Michelle Supper, Director of The Open Group Open Platform 3.0™ Forum explores why smart city projects should avoid making the city a mirror of big corporations, as value needs to be delivered differently
The concept of a truly smart city is fast becoming a not-so-distant reality. This is predominantly a result of technological advancements such as big data analytics, cloud computing and the proliferation of the Internet of Things (IoT). However, utilizing this progress to improve municipal services is often fraught by a number of obstacles.
Immature governance over multi-agency initiatives can cause significant delay, while the scarcity of common data sharing frameworks has the potential to thwart the development of smart city projects. To add to these challenges, investment funding is increasingly difficult to find, particularly as public sector budgets are reduced.
Smart cities: Complex digital transformation projects
In many ways, smart city projects can also be viewed as complex digital transformation initiatives like those undertaken by enterprises. For this reason, turning to the private sector for ideas on how to overcome issues seems plausible. Yet, while there are similarities, there are also essential differences.
The central differing factor lies in motivation. Commercial enterprises tend to be driven by money, ultimately spurred on by turning a profit and demonstrating a return on investment to their shareholders. By comparison, local governments aim to provide a better service for their citizens, but money is only one of many possible means to achieving that end.
In addition, contrasting management structures means there are different methods of dealing with obstacles. In a corporate environment, there is typically a triangular hierarchy: decisions are spearheaded by the CEO who leads from the top-down. In a democratic city, however, this triangle is reversed – the power lies with citizens who vote for their leaders. Therefore, the sheer number of stakeholders in every smart city project is vast.
Although there isn’t necessarily a simple solution, a two-layer governance framework is the recommended route. This framework should comprise of a policy layer supported by a technical layer, and the initiative’s data sharing policy should be a central component of both. Since a smart city relies on free-flowing data, the data privacy of citizens must be a primary concern, especially in light of new legislation such as GDPR.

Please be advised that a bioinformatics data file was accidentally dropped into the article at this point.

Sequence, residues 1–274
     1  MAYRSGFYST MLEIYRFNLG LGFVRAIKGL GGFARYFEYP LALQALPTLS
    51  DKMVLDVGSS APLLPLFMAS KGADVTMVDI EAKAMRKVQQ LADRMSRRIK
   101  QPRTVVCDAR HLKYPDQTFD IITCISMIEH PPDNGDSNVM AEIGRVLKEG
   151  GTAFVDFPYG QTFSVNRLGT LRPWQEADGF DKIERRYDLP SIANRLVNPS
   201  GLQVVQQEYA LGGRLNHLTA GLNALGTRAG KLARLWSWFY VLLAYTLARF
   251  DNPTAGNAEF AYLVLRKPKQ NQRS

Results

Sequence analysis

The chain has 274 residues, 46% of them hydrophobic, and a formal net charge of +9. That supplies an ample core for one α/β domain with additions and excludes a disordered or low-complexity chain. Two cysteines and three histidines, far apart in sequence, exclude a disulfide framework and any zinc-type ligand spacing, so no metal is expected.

Strategic road mapping
The involvement of various tiers of government makes the move from traditional to smart city even more multifaceted. All digital transformation and architecture-led projects will need to align with the requirements of local, regional and national governing authorities. Maintaining this alignment can be problematic when it comes to long term planning.
Enterprises can plan ahead on the assumption that their boards will remain more or less stable. Meanwhile, government elections introduce the possibility that those overseeing the smart city project will change every four to five years. This is why it is crucial that project managers are reactive in their deployments and strategic in their road mapping.
Creating open standards
That said, even with the most efficient program management, a smart city depends on thousands of disparate sensors and smart systems being able to work in tandem. Smart cities require an agreed standard for data formatting and messaging structures between system manufacturers. If technology providers do not adopt open non-propriety standards, interoperability and smooth transactions are impossible.
We would be mistaken to regard a smart city as just another IT initiative. In truth, executing these projects successfully requires numerous levels of thinking and planning, encapsulating both the technical and human side of the process. While digital technology is one important element, policy-level intervention is equally significant. We can look to the private sector for solutions to certain obstacles, however, we can also learn from the differences and alter our approaches accordingly. To put smart cities into practice and reap the benefits, change management will be necessary across the entire ecosystem, between all stakeholders and at all levels of government.